Monday, 26 April 2010

Somerset & Dorset Event: 25th April 2010

What a day! Driving up the A1 through persistent (and sometimes heavy) rain was a worrying start. However once I'd arrived at Wansford, the rain had gone and the weather improved throughout the day.

With unbelieveably bad timing, my camera decided to have a funny turn when the central event occurred: the non-stop run through of the double-headed 'Pines Express'. However it was definitely worth seeing and I think most other visitors were either on it, or got a good picture!

Wansford (renamed Midford for the event) seemed busy with visitors, as did the trains, which appeared very well loaded especially towards the middle and end of the day. Hopefully a successful day for the railway, and that a good time was had by all.

Ex-LMS '4F' 44422 stands at 'Midford' between trains.

BR Standard '5MT' 73050 pulls away from Wansford with the 3.25pm departure.

Julian Birley kindly brought along his Bentley for the day. This very car was used by Ivo Peters, a well known and highly regarded railway photographer, to chase trains on the Somerset and Dorset route (amongst others) in the age of steam. The fact that he was able to photograph the same train in multiple locations speaks volumes about the slow, cross-country nature of the route, and perhaps also the speed of his driving! I'm not too good on buses, but I believe this example is an AEC, and apparently served the Somerset/Dorset area. It nicely complemented the Bentley and a large collection of classic MGs which were also on display.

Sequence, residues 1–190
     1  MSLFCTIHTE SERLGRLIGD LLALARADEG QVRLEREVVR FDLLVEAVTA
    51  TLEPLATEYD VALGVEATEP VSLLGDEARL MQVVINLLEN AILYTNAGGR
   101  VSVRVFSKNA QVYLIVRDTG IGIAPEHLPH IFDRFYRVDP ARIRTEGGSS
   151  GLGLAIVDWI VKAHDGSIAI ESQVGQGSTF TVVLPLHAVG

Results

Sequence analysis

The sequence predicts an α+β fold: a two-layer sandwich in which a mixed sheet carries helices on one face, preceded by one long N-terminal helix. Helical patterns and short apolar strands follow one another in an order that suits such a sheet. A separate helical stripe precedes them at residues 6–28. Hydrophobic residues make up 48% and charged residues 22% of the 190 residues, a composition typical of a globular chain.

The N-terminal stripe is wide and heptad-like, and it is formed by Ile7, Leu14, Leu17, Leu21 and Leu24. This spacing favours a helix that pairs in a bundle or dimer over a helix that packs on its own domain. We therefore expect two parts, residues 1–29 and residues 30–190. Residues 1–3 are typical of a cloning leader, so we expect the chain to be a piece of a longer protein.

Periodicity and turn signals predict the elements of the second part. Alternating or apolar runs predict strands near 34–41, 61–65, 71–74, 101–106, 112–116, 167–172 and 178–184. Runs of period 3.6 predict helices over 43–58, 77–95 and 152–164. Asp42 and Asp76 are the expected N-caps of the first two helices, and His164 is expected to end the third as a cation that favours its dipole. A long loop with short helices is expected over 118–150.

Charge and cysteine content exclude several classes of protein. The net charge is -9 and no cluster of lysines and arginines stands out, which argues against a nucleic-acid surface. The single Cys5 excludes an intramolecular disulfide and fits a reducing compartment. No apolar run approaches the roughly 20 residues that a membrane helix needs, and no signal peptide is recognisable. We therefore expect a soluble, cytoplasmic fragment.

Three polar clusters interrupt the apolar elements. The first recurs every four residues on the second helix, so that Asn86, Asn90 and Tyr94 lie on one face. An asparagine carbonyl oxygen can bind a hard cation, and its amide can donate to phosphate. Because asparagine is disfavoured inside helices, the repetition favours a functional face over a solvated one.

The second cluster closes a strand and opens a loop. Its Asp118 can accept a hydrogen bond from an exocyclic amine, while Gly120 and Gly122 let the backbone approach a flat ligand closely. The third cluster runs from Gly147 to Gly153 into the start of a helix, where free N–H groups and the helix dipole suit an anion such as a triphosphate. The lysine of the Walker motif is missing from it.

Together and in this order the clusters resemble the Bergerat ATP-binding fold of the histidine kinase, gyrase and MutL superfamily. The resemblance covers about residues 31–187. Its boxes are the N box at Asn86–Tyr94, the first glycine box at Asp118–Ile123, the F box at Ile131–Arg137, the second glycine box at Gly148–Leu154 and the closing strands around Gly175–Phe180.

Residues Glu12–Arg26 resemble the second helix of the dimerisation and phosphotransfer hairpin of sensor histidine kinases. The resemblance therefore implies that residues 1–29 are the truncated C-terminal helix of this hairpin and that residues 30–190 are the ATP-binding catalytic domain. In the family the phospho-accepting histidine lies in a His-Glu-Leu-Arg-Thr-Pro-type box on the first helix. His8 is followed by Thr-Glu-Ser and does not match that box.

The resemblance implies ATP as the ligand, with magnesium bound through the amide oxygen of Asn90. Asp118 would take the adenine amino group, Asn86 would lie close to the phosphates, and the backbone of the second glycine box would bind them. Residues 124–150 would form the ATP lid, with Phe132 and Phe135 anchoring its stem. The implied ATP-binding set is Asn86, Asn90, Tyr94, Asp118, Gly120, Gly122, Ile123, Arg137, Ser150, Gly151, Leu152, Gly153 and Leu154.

44422 being used in a turntable demonstration - always worth a look.

Wansford ('Midford'), was quite busy with visitors. Many more passengers were on the train to Peterborough and back at the time of the photo, while 44422 shunts the goods wagons.

A bit of an oddity here for an S&D event, although it was nice to see Austerity No.22 (Hunslet 3844 of 1956 vintage) out and about today. It would seem that attempts were unsuccessful to find an example of an 'Austerity' that worked on or near the S&D, so the engine was temporarily named 'Lord Salisbury'. This was the identity of a (very different) Peckett which worked at Norton Hill colliery in the Somerset coal field.